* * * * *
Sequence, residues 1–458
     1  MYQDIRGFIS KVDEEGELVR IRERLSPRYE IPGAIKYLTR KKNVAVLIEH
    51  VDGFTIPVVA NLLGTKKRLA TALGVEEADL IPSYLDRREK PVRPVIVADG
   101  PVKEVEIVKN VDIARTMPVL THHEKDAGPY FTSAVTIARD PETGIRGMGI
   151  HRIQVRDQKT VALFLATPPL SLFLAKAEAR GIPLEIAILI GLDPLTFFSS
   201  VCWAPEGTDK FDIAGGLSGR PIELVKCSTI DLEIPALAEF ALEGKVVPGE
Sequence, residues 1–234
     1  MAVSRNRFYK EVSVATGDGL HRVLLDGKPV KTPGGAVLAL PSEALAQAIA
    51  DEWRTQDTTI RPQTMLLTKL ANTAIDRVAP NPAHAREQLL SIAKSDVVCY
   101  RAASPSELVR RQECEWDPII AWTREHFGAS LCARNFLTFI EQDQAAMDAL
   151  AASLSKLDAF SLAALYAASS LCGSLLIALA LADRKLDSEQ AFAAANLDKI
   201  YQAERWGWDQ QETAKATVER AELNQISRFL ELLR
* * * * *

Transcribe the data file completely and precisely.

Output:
Sequence, residues 1–458
     1  MYQDIRGFIS KVDEEGELVR IRERLSPRYE IPGAIKYLTR KKNVAVLIEH
    51  VDGFTIPVVA NLLGTKKRLA TALGVEEADL IPSYLDRREK PVRPVIVADG
   101  PVKEVEIVKN VDIARTMPVL THHEKDAGPY FTSAVTIARD PETGIRGMGI
   151  HRIQVRDQKT VALFLATPPL SLFLAKAEAR GIPLEIAILI GLDPLTFFSS
   201  VCWAPEGTDK FDIAGGLSGR PIELVKCSTI DLEIPALAEF ALEGKVVPGE
Sequence, residues 1–234
     1  MAVSRNRFYK EVSVATGDGL HRVLLDGKPV KTPGGAVLAL PSEALAQAIA
    51  DEWRTQDTTI RPQTMLLTKL ANTAIDRVAP NPAHAREQLL SIAKSDVVCY
   101  RAASPSELVR RQECEWDPII AWTREHFGAS LCARNFLTFI EQDQAAMDAL
   151  AASLSKLDAF SLAALYAASS LCGSLLIALA LADRKLDSEQ AFAAANLDKI
   201  YQAERWGWDQ QETAKATVER AELNQISRFL ELLR